With having our own visitors and visiting others, things have been busy of late. We are with friends in the Cotswolds and this morning I got up early and ventured into the fields to do some painting.
It was a dullish morning and generally I would turn over and go back to sleep, but I needed some paintings and it was a new place to explore – so I gave it a try.
Without sun, objects were a bit flat and washes took ages to dry. But despite the problems I wasnt too displeased with the results and came home with wet feet to a well earned breakfast. I can relax for the rest of the day.
On Monday morning the forecast was for a clear start so I got up early hoping to take advantage of the light as we have had some mixed weather of late and are about to get some more rain this week.
I’d decided to cycle to the moss, a low lying, drained area, now mainly now used for agriculture, which is behind the sandy coastal strip where I live. Arriving soon after 5am, to my surprise, the whole place was shrouded in mist.
I decided to make a start near the higher coastal belt, and set up alongside one of the many drainage ditches.
As I worked the mist slowly dispersed and the trees in the background appeared – I thought that they were clouds at the start- and then houses also came into view – though it was too late to include them. The picture directly above was the result. In the damp, cool conditions drying the washes was difficult and parts were still glossy wet when I packed up to leave. I carried the painting open on my bike, hoping to dry it as I wobbled along, searching for another subject. By now the sun was out and I eventually found a path across the fields as a subject shown at the top.
The week before last I was visiting my ailing mother on the southcoast and did some paintings as I sat around beside the sea in between preparing lunch and tea.
The last one is my stepbrother’s cafe in St Leonards, Sussex which I might work up into something more finsihed later.
There isnt much across the moss – drained marshland behind the coastal dunes. Even less when the lowland is blanketed with mist and all you can see is a ghostly tree and a row of staggering poles. This was done with loose washes and then a bit of drybrush in the foreground.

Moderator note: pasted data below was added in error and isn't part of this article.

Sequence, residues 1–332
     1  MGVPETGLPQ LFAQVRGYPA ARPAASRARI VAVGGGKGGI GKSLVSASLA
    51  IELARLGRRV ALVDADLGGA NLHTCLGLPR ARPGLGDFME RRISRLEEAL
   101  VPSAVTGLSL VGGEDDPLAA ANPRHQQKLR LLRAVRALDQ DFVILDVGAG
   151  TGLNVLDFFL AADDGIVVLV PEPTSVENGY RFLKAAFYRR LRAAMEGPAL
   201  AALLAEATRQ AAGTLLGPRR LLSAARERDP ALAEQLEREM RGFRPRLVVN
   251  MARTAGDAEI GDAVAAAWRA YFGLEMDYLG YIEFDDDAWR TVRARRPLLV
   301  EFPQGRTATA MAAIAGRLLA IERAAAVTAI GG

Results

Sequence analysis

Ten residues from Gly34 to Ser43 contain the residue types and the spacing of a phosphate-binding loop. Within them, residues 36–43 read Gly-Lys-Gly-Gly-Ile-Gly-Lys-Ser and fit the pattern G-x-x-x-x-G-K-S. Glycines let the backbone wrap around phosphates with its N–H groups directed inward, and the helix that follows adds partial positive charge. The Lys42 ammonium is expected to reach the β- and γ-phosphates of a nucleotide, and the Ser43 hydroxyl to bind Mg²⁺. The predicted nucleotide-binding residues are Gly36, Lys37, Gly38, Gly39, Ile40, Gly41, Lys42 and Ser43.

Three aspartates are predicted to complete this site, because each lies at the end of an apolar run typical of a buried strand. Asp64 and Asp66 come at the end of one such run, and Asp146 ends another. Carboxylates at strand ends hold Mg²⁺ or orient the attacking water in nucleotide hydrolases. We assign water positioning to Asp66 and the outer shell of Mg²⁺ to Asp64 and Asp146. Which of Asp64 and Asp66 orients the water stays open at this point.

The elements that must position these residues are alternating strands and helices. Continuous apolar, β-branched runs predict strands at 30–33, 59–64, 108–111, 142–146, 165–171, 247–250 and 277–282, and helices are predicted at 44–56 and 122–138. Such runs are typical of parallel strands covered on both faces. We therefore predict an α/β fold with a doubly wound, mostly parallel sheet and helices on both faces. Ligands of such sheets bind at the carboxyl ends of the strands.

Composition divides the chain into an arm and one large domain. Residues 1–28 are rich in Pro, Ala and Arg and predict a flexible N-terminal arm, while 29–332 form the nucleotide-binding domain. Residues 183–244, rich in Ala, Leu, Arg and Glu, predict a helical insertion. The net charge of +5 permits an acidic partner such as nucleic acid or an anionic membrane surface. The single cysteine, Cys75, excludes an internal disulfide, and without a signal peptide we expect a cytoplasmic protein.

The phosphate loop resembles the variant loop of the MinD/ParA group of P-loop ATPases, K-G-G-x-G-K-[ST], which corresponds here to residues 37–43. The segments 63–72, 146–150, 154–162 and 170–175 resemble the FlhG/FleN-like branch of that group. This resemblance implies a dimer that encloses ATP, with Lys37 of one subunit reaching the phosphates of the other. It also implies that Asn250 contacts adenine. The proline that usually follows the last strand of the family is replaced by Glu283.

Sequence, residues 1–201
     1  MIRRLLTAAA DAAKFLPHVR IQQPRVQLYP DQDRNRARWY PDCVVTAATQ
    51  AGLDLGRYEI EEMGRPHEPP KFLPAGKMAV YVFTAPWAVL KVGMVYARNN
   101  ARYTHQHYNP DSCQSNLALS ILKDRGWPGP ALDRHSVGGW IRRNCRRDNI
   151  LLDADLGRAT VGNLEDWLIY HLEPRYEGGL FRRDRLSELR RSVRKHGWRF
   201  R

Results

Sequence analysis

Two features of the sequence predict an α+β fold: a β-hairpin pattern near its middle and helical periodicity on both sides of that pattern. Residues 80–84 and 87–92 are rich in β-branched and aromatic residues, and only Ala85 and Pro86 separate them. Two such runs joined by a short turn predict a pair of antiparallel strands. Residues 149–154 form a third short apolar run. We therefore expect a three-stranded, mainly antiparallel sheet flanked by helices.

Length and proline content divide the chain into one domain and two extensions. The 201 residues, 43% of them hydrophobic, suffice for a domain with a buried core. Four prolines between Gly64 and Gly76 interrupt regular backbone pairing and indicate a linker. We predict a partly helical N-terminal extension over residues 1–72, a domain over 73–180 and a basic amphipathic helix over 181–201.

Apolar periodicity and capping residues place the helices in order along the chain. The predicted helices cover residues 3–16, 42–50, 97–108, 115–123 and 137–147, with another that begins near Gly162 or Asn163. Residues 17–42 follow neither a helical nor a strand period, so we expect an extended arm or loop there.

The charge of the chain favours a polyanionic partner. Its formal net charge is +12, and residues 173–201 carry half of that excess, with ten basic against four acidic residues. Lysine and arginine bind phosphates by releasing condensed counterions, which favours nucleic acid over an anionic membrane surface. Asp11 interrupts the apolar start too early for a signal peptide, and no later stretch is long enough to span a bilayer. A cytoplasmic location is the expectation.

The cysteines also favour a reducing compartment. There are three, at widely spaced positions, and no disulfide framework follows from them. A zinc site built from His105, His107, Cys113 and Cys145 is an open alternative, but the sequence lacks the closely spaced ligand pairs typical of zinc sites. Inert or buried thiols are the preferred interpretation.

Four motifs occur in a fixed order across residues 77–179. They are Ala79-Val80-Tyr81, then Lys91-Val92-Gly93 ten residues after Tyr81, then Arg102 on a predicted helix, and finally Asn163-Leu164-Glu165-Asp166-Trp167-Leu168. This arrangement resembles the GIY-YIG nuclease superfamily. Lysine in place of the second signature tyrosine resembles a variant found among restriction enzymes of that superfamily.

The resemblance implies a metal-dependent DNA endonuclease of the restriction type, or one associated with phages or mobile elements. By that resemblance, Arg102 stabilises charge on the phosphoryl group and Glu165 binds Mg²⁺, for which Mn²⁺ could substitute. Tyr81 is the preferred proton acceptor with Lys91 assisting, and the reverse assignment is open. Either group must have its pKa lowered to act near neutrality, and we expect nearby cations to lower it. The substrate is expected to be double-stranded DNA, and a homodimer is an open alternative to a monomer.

Another corner of a field and another repeat. In my last post it was a restrained approach to a similar subject. This was more about pouring and spraying and trying to make something of it after the deluge.
I certainly liked my last version of this, but it stayed on the shelf after many outings. So it was back to the easel and this time I have removed some of the darks and put in more foreground colour. I have emphasised the light through the trees and introduced a fence post to redress the compositional balance – anything for a sale.
Continuing the series of repeats. I have exhibited the first version of this many times but it never sold . I liked the tight range of hues which I hoped emphasised calm and quiet. This time I have increased the lights in the wooded area and darkened the field shadows. I have also ensured that the yarrow flower heads contrast against the shadow areas in the field. We’ll see how this goes.
In the late rush for replacement paintings to populate the exhibition, I reworked this image which I posted a few years ago. I tried to better meld the buildings with the landscape and simplify the foreground to enhance the feeling of stillness. Whether I did or not, who’s to say, but it’s up on the wall now and a feeling of calm has descended upon my studio allowing a tidy-up for the second time.
I have been going through my back catalogue after the surprise sale of nine paintings. My framer should have six more frames ready today and I have some paintings to go in them – so we can bring the exhibition back up to 30 paintings with a few in reserve. However, I didnt have many larger paintings that I felt comfortable showing. I decided to redo a painting, but this time in acrylics, to fill a larger frame. This is a view over the Lancashire Plain back to where I live in Southport, on the coast. Just beyond these hills – and they are only small bumps – sits the town of Ormskirk, which would be behind the viewer.